As many have predicted since the reintroduction of elk into the Great Smoky Mountains National Park a few years ago, growing numbers of these animals has trigger an outward expansion of the usual range of these big game animals. Last week a young bull was spotted In South Carolina; the first such sighting of these animals there since the 1700s.
According to the S.C. Department of Natural Resources, the young male bull elk was first spotted on last Friday at Camp McCall - a Southern Baptist Convention camp in Pickens County, S.C. The next day it was observed outside the U.S. Post Office in Sunset, S.C., and the following day it was seen wandering the links at The Reserve at Lake Keowee. The elk is believed to be around two-and-a-half years old and could weigh up to 700 pounds.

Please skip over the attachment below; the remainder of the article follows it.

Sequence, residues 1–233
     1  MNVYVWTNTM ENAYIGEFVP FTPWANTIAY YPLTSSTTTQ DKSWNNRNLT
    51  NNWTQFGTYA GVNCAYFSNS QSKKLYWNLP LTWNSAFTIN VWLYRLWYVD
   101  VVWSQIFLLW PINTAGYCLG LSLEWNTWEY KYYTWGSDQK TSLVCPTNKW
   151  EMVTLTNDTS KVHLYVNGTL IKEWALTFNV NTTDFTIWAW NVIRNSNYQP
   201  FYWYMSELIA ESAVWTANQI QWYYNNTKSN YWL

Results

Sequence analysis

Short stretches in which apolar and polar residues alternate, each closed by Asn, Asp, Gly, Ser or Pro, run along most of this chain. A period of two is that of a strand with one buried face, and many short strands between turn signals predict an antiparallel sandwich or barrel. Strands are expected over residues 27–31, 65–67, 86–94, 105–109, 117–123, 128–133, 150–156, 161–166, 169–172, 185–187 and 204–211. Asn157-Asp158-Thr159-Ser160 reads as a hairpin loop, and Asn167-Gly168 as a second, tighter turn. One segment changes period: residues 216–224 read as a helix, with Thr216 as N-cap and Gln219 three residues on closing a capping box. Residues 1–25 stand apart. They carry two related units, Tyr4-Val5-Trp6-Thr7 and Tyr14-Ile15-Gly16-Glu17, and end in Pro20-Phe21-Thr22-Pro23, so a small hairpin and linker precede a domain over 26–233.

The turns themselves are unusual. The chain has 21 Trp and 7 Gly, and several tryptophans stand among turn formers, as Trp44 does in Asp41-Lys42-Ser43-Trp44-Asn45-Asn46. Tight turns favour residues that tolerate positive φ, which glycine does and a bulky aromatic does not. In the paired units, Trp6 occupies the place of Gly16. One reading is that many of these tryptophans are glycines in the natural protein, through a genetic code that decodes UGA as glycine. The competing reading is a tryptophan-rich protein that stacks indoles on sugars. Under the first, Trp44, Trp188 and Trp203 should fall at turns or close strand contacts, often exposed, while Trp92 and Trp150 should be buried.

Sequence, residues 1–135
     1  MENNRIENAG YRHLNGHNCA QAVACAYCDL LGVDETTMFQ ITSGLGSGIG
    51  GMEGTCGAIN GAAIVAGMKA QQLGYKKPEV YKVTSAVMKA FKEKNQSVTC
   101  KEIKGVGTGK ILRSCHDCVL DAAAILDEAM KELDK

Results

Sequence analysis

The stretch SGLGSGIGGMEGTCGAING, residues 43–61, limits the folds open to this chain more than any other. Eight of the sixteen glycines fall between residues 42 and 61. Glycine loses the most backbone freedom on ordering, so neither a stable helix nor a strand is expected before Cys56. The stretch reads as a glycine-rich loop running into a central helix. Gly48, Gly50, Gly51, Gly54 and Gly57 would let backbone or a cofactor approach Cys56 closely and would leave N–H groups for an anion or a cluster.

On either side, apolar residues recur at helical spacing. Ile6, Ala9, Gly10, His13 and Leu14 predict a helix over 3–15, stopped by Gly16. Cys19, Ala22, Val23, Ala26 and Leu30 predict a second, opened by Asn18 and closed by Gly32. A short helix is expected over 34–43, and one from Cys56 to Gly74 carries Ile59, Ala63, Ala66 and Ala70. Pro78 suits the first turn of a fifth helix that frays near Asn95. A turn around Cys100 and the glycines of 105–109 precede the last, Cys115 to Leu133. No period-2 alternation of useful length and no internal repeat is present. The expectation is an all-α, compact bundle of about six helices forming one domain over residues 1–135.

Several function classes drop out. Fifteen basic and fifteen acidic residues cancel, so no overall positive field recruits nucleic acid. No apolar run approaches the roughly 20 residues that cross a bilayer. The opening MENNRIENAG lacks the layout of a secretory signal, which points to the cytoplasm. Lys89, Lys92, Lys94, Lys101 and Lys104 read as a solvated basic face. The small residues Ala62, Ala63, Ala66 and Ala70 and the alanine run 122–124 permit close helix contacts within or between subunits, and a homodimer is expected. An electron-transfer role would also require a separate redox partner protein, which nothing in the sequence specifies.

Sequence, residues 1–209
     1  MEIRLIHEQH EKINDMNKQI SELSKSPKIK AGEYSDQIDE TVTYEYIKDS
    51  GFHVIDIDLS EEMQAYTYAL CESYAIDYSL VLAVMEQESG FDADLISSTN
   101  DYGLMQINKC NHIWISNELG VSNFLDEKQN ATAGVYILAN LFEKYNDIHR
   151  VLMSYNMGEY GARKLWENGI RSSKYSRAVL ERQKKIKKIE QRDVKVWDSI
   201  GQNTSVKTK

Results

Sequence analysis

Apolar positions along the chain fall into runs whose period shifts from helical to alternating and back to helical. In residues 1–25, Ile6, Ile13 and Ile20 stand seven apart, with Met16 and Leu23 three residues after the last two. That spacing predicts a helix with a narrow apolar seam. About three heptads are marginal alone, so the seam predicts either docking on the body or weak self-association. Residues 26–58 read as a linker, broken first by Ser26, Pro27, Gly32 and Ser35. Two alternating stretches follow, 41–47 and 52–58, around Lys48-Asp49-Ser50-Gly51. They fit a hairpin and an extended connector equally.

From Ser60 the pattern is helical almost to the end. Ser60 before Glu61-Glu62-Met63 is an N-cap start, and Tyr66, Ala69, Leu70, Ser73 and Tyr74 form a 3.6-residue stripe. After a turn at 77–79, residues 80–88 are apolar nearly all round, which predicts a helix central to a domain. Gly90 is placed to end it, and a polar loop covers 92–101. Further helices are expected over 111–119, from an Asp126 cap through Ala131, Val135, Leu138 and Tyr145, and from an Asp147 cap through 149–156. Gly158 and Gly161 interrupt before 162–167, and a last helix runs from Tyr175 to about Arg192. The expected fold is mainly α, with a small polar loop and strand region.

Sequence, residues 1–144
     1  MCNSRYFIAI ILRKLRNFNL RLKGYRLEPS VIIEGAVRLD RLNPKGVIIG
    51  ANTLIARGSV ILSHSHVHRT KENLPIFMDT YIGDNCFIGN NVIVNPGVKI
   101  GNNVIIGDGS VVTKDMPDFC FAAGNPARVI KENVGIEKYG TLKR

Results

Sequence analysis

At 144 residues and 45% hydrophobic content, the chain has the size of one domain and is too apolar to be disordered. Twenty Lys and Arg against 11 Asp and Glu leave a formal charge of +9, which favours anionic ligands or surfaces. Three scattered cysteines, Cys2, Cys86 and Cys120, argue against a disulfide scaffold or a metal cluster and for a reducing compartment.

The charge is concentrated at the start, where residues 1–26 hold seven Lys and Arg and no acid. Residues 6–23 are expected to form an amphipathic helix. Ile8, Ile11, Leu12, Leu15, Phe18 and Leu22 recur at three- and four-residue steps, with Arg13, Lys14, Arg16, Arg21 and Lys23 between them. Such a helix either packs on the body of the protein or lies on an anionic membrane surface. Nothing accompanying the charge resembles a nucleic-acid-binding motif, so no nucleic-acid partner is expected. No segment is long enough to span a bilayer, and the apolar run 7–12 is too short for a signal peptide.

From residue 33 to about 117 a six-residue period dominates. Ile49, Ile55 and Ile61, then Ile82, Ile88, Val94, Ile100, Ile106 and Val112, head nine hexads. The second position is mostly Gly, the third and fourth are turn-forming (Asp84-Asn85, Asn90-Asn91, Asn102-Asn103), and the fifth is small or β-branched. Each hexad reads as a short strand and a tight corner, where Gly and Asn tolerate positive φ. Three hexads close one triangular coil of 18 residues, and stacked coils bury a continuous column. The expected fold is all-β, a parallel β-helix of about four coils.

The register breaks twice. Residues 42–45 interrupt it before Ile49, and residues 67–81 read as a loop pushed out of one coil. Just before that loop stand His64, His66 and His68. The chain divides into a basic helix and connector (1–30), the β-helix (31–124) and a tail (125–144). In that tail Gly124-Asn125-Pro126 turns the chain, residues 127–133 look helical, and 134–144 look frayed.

The elk rut is underway. Dominant bulls accumulate “harems” of receptive cows. Harems of 3-15 cows are zealously guarded by the dominant bull. Young bulls bold enough allow their natural instinct to approaching the harem of a bull risk getting their brains beat out. Smart ones like the young bull sighted in South Carolina move along to assume a restless bachelor life. Next fall or the year after, the young bull in question will be mature and strong enough to challenge the bull for possession of his harem.